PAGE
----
The State of the World’s Trees reveals that one-third of tree species are threatened with extinction. Although this news underlines the magnitude of the global challenge, successful Global Trees Campaign (GTC) projects from the past 20 years demonstrate that we can effectively protect and conserve threatened tree species. Now is the time for global action.
In Securing a Future for the World’s Threatened Trees – A Global Challenge, launched today by Fauna & Flora International (FFI) and Botanic Gardens Conservation International (BGCI) as part of the GTC, we are calling for a global scaling-up of conservation action to safeguard the world’s threatened trees.
Although the State of the World’s Trees shows the scale of the challenge facing tree species globally, the information now available in the report and on the GlobalTree Portal – a valuable new tool resulting from the Global Tree Assessment – can be used to guide and plan tree conservation action. It shows us which tree species most need our help, the threats they face and which countries have a high number of threatened trees.
GTC has been focused on in situ conservation of threatened trees over the past two decades, working to conserve over 400 species in more than 50 countries with a wide range of partner organisations. Our work shows that we can reduce threats to trees and conserve them effectively.
Securing a Future for the World’s Threatened Trees – A Global Challenge sets out tried-and-tested approaches from across the GTC partnership. In this report, GTC aims to share examples of effective tree conservation with land managers, the corporate sector, governments, conservation organisations, tree-planting and restoration practitioners and the research community in order to grow the global tree conservation taskforce.
Included in the report are case studies from across the world to demonstrate the success of a range of practical approaches. These include: on-the-ground survey work that led to the rediscovery of species previously thought to be extinct in Peru and East Africa; threat-reduction actions to protect wild trees and promote natural regeneration in Vietnam and Kyrgyzstan; targeted capacity building that enabled the development of community nurseries in Bhutan and more effective conservation action in China; and mobilisation of groups to catalyse new action across the world.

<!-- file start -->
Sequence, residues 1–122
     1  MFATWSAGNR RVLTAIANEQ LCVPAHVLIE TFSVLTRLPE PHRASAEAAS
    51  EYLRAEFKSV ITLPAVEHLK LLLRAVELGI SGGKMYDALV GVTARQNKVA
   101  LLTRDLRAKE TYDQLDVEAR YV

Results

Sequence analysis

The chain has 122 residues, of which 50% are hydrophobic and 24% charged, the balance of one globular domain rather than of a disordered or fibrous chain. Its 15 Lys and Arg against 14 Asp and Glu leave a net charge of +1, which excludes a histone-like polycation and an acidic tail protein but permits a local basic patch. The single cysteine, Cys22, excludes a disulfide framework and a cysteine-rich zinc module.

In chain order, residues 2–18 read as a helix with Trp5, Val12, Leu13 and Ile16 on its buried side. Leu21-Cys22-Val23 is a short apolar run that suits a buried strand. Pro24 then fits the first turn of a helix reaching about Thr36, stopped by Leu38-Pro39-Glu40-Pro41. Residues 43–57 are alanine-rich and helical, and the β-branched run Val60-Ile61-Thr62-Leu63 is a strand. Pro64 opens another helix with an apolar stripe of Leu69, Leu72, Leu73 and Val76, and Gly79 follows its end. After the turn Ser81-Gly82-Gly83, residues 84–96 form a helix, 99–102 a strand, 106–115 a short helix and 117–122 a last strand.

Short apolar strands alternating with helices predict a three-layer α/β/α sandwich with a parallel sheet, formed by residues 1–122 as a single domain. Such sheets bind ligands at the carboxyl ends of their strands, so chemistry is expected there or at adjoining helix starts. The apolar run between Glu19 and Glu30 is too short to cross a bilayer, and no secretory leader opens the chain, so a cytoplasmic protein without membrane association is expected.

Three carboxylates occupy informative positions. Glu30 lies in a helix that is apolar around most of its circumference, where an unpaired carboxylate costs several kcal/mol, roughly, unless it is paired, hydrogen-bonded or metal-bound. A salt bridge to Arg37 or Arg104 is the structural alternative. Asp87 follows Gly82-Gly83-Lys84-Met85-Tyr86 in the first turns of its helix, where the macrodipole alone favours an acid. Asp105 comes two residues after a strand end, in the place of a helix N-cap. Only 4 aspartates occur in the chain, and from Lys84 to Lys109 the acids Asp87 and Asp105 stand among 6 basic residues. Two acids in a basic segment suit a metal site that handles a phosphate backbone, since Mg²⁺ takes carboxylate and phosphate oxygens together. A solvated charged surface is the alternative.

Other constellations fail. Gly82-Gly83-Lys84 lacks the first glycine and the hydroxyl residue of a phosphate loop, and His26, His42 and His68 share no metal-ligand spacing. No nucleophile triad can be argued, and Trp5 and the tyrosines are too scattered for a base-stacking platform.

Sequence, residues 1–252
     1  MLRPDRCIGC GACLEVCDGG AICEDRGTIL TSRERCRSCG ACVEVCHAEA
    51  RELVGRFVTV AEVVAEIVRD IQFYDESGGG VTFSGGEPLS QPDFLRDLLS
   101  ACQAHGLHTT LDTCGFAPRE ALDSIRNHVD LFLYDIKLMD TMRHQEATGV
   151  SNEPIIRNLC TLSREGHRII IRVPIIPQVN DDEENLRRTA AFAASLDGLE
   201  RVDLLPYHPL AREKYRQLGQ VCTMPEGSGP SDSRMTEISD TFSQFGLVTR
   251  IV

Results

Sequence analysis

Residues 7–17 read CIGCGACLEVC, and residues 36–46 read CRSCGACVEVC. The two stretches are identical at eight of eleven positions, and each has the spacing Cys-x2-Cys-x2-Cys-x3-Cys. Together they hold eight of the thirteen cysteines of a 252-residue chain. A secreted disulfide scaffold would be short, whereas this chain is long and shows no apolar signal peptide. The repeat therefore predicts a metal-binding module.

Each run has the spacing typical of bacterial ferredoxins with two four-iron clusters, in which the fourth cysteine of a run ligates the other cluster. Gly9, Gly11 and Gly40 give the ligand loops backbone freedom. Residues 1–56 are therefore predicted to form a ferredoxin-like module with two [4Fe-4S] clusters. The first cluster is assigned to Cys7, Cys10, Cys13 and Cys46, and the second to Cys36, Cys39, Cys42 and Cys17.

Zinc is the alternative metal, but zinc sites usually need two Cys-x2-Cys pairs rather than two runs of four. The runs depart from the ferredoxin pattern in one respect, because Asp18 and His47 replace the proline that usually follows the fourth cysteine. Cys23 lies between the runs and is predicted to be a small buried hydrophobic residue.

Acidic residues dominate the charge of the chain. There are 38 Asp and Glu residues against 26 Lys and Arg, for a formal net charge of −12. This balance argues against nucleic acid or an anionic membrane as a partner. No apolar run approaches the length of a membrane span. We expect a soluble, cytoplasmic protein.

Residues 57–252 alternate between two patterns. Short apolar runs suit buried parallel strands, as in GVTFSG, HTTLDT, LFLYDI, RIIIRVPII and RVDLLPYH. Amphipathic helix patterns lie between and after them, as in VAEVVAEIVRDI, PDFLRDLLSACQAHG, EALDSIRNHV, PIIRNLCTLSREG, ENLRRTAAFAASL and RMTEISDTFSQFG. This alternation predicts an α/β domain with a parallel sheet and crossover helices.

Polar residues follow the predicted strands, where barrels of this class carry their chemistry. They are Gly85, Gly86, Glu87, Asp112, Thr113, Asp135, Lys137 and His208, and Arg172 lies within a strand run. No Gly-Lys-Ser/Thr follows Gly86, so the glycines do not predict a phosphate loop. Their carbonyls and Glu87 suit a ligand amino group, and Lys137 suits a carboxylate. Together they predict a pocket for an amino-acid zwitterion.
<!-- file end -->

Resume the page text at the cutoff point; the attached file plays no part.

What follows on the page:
In contrast to the numerous well-known flagship animal species, threatened trees have received little attention as a conservation priority and the current level of in situ conservation action for threatened trees needs to grow significantly.
The global challenge of conserving the world’s threatened trees requires a global response, with all sectors engaging and taking action at a variety of scales. Now, armed with the data from the Global Tree Assessment, we can give threatened tree species the priority they merit and, building on what we have achieved through the GTC, effective strategies for their in situ conservation can be developed and implemented.
"Trees are the foundation of countless ecosystems and can play a vital role in our fight against climate change. Maintaining a diversity of tree species is central to securing the healthy, resilient natural ecosystems that are so crucial in addressing the challenges our world faces today. Protecting the diversity of tree species is a global challenge requiring a concerted response from governments, businesses and civil society."
Now is the time for collective action to halt and reverse the trend for threatened trees.
Read Securing a Future for the World’s Threatened Trees – A Global Challenge here. Find out more about the State of the World’s Trees here.
With an MSc in Biodiversity Conservation and a background in plant science, Sarah is keen to get people excited about botanical conservation.